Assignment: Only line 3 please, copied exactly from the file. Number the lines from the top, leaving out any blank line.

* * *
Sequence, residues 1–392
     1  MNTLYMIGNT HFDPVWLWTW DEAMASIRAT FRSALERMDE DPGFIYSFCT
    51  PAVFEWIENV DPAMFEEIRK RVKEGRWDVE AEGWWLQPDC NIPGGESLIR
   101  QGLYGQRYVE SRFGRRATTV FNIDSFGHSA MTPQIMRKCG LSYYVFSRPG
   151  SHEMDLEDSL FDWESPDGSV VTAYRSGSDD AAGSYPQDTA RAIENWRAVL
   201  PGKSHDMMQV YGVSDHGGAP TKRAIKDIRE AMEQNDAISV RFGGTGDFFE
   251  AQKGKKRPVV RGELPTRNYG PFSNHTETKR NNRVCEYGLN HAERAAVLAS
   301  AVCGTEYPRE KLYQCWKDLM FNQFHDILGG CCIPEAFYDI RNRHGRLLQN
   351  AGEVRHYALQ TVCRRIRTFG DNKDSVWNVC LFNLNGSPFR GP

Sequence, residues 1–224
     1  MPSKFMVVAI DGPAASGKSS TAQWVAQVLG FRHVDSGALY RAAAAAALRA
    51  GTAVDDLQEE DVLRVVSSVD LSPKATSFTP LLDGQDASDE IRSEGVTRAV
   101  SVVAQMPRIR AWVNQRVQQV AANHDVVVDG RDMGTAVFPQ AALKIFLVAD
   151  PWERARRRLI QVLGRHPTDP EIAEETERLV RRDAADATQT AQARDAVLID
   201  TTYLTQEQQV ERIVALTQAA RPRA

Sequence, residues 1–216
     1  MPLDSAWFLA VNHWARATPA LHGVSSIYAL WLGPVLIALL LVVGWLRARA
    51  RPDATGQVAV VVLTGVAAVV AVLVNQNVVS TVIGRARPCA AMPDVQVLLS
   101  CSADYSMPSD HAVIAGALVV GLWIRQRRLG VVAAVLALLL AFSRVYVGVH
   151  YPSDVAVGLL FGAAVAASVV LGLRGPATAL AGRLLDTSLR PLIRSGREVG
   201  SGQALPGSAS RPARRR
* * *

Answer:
    51  PAVFEWIENV DPAMFEEIRK RVKEGRWDVE AEGWWLQPDC NIPGGESLIR